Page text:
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AP-Sportlight-Week Ahead

July 8, 2021 GMT

July 13

1881 — William Renshaw sets the record for the shortest men’s championship match by time and games by beating John T. Hartley 6-0, 6-1, 6-1 in 37 minutes at Wimbledon.

1941 — The PGA tournament is won by Vic Ghezzi with a 1-up 38-hole victory over Byron Nelson. at Cherry Hills CC Denver

1943 — The first night game in All-Star history is played at Philadelphia’s Shibe Park. Boston’s Bobby Doerr provides the big blow, a three-run homer, for the AL’s 5-3 win.

1968 — Gary Player wins the British Open by two strokes over Bob Charles and Jack Nicklaus. It’s the second Open championship for Player and his fifth major title.

1971 — Reggie Jackson hits a mammoth home run off the power generator on the right-field roof at Tiger Stadium to highlight a barrage of six homers — three by each team — as the AL beats the NL 6-4 in the All-Star game.

1972 — Robert Irsay buys the stock of the Los Angeles Rams for $19 million and swaps the franchise for the Baltimore Colts. The players and coaches are not affected.

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1980 — Amy Alcott shoots a record score of 280 to win the U.S. Women’s Open by nine strokes over Hollis Stacy.

1996 — Cigar matches Citation’s modern North American record of 16 consecutive wins, pulling away to take the $1.05 million Arlington Citation Challenge by 3½ lengths.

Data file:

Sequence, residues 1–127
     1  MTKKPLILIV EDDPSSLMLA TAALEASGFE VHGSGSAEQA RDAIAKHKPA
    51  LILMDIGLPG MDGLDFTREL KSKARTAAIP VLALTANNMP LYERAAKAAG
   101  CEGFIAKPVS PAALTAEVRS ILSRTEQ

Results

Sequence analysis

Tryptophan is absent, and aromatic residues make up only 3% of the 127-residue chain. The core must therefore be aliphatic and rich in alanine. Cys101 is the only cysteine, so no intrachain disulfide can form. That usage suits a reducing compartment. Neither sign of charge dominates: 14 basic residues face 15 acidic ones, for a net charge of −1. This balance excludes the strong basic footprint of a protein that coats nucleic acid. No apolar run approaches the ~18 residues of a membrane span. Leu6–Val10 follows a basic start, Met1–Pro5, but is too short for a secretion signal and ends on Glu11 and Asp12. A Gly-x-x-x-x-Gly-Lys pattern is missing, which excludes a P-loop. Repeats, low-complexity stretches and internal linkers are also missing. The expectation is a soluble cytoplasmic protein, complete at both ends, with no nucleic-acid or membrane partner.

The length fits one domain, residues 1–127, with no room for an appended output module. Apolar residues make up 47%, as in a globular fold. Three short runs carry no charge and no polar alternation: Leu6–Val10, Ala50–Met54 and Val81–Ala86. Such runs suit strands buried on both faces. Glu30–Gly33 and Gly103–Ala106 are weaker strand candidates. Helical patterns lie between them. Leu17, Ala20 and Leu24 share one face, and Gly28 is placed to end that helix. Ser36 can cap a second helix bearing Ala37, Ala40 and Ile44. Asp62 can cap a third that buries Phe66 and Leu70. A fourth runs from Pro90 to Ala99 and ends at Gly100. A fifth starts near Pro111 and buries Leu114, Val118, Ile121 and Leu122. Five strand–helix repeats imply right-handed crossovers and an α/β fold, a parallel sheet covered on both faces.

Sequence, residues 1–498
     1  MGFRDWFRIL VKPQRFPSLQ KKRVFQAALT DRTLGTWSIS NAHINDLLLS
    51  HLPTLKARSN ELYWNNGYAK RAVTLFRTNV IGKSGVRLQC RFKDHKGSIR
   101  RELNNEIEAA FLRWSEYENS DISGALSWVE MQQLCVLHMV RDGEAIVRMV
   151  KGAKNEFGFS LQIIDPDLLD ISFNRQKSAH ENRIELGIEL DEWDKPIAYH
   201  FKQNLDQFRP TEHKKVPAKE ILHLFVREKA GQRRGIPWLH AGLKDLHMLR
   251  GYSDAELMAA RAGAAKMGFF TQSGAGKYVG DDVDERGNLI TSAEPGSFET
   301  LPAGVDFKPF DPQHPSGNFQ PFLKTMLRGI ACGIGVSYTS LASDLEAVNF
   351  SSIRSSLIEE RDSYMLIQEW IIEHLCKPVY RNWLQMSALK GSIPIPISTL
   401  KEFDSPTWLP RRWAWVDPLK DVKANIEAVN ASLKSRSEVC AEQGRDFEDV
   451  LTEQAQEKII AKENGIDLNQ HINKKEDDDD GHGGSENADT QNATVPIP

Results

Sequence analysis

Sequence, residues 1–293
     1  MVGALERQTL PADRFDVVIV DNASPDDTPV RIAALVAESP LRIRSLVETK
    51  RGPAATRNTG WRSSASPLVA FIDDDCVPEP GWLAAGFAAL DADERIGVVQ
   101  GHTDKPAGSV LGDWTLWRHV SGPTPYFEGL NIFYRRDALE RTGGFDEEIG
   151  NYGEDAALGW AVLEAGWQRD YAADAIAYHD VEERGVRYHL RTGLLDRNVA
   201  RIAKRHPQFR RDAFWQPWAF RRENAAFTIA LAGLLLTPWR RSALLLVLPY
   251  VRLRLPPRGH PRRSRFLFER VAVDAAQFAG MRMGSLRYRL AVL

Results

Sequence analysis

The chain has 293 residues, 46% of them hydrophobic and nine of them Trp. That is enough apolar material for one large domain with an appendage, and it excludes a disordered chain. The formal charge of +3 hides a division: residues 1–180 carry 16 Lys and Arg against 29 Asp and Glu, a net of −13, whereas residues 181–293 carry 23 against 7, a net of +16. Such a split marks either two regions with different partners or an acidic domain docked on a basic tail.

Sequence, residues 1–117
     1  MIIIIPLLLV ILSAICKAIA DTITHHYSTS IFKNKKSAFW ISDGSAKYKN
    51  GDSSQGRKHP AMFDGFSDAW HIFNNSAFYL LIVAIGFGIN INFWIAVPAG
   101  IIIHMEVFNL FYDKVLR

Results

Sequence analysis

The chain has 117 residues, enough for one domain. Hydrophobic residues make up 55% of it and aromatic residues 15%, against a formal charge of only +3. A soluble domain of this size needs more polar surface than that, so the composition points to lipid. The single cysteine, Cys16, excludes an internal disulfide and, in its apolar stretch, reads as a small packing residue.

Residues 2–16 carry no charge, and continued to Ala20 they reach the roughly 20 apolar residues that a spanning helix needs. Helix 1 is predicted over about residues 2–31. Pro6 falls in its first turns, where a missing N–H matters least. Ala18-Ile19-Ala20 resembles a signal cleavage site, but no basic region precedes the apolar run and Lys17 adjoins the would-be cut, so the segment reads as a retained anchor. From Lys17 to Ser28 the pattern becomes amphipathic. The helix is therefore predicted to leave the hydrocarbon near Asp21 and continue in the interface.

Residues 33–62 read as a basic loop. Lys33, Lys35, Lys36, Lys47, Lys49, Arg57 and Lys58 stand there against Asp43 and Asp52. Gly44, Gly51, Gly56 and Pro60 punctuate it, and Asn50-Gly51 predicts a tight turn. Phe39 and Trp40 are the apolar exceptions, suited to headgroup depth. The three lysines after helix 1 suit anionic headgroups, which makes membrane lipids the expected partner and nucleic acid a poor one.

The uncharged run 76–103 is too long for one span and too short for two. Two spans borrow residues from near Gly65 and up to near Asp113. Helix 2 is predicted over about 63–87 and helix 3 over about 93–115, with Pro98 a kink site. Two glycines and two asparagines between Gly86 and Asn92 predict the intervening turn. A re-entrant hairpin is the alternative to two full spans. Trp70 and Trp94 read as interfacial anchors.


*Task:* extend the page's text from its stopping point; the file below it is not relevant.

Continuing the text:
1997 — Alison Nicholas holds off Nancy Lopez for a one-stroke victory in the U.S. Women’s Open. Nicholas shoots a 72-hole total of 10-under 274, the most under par in the 52-year history of the event.

2003 — Beth Daniel becomes the oldest winner in LPGA Tour history, birdying the final two holes to beat Juli Inkster by a stroke in the Canadian Women’s Open. At 46 years, 8 months and 29 days, Daniel breaks the age record set by JoAnne Carner in 1985.

2011 — Abby Wambach breaks a tense tie with a thunderous header in the 79th minute, and the United States earns its first trip to the Women’s World Cup final since winning it in 1999 with a 3-1 victory over France. Japan upsets Sweden 3-1 in the other semifinal.

2014 — Mo Martin hits the best shot of her life to become a major champion in the Women’s British Open. Martin hit a 3-wood that hit the pin on the par-5 closing hole at Royal Birkdale, settling 6 feet for an eagle. Martin closes with an even-par 72 and finishes at 1-under 287 for a one-shot win over Inbee Park and Shanshan Feng.

2014 — Mario Goetze volleys in the winning goal in extra time to give Germany its fourth World Cup title with a 1-0 victory over Argentina.

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2017 — Venus Williams reaches her ninth Wimbledon final and first since 2009, turning in her latest display of gutsy serving to beat Johanna Konta 6-4, 6-2. At 37, Williams becomes the oldest finalist at the All England Club since Martina Navratilova was the 1994 runner-up at that age. She also stops Konta’s bid to become the first woman from Britain in 40 years to win Wimbledon. In the opening semifinal, Garbine Muguruza overwhelms Magdalena Rybarikova of Slovakia 6-1, 6-1 in just over an hour.

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July 14

1951 — Citation is the first horse to win $1 million in a career by taking the Hollywood Gold Cup by four lengths in Inglewood, Calif. Citation retires after the race with total earnings of $1,085,760. In 45 starts, Citation ran out of the money only once.